The short story “Two Gallants” by James Joyce follows an ordinary day in the lives of two males. Lenehan and Corley are two middle-aged male rogues whose intent is to gain wealth through wooing maids into stealing from their employers. Corley informs Lenehan of a woman that he has recently begun seeing and Lenehan asks if she is the type of person that can be convinced to steal from her employers in which Corley brags that she would do it for him. As Corley and the maid meet up, Lenehan leaves them to their meeting and goes to get dinner. Whilst eating his meal, he reflects on his shambolic life and dreams of having a fulfilling and secure living. He finishes dinner and calls out after Corley as he sees him leaving, Corley turns around to him and flashes him a gold coin to show him that their scheme has worked.
This passage incorporates the use of meronymic techniques and modality to represent Corley and Lenehan’s personalities. Through the changing of agencies within the passage and investigating further into separate clauses, we can see that their personalities both complement and contrast each other. Corley is seen as the more governing figure out of the two as he boasts about his luck with women and has a more sociable personality than Lenehan. Lenehan is much more reserved and fixated on himself rather than other women. From an analysis of individual clauses, it is clear that Joyce shifts the agencies in order to portray his characters in a particular way.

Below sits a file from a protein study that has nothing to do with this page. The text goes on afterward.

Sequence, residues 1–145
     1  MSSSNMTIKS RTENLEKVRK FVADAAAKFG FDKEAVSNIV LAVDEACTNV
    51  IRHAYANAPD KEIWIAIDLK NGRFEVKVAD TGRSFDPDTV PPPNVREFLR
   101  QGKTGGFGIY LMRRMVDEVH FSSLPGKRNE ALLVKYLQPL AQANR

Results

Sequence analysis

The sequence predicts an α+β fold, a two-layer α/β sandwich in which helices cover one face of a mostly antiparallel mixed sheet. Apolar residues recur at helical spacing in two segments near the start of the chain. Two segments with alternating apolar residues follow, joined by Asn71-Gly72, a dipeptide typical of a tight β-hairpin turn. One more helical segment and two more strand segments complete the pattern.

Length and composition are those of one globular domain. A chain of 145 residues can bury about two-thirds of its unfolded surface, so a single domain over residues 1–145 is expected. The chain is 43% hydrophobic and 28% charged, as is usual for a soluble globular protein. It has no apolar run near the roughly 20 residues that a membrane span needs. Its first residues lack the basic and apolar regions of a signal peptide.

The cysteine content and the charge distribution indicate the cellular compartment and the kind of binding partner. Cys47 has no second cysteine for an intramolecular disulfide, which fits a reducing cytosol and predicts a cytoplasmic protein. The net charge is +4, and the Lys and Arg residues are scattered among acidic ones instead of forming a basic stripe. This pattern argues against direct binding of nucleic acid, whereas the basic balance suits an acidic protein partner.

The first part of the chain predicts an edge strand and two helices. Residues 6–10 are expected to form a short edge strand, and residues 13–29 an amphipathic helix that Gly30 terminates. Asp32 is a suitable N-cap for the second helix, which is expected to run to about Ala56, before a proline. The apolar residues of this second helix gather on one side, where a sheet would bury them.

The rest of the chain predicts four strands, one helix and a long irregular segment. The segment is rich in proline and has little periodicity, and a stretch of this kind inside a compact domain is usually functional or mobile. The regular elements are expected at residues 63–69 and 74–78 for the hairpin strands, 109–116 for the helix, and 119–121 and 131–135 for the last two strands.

As Lenehan is the quieter of the two, the agency is shifted onto Corley. From the start, we can see that Lenehan’s agency is questioned by the vast description of him before the writer mentions his name. This shows that Joyce wanted to emphasise Lenehan’s characteristics and begin the plot of the story before he introduced Lenehan by name. Lenehan is described as being “ravaged” and cunning- this description allows readers to think of him as the typical hero-villain character in which he is seen negatively but also creates a sense of interest as the audience wants to know more about him. When referring to Lenehan, Joyce strips him of agency as he rarely mentions his name and frequently refers to him as “he”. The use of pronouns to replace Lenehan’s name indicates that the author is attempting to cast his opinion of Lenehan through the use of neutral shading and tries to convince the readers to make up their own minds about him- if not feel a little sorry for him. Joyce uses meronymic language when describing Lenehan “wore an amused listening face” emphasises the lack of agency as he is not genuinely interested or involved in Corley’s conversation and his opinion has no importance.
Corley’s agency is challenged as he is described to be an unemployed and shallow man who’s interests lie in women and money. This forces readers to view him negatively almost immediately.